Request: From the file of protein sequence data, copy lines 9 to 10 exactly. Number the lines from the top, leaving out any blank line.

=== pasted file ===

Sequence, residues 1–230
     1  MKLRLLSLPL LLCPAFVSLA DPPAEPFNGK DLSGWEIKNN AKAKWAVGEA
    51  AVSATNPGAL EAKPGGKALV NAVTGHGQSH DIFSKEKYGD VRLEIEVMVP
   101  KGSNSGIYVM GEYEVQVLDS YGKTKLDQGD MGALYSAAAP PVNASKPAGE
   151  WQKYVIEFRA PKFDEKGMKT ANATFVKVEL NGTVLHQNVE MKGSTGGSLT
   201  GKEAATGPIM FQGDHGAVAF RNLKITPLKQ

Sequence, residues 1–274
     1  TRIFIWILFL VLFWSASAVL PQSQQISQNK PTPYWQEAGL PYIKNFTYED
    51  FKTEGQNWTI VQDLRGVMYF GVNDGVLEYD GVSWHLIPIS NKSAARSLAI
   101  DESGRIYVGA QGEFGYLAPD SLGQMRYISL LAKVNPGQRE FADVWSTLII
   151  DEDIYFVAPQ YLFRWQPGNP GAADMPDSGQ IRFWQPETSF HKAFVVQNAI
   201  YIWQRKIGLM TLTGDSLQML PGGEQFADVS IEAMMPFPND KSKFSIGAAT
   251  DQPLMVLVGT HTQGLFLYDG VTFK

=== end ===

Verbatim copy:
    51  FKTEGQNWTI VQDLRGVMYF GVNDGVLEYD GVSWHLIPIS NKSAARSLAI
   101  DESGRIYVGA QGEFGYLAPD SLGQMRYISL LAKVNPGQRE FADVWSTLII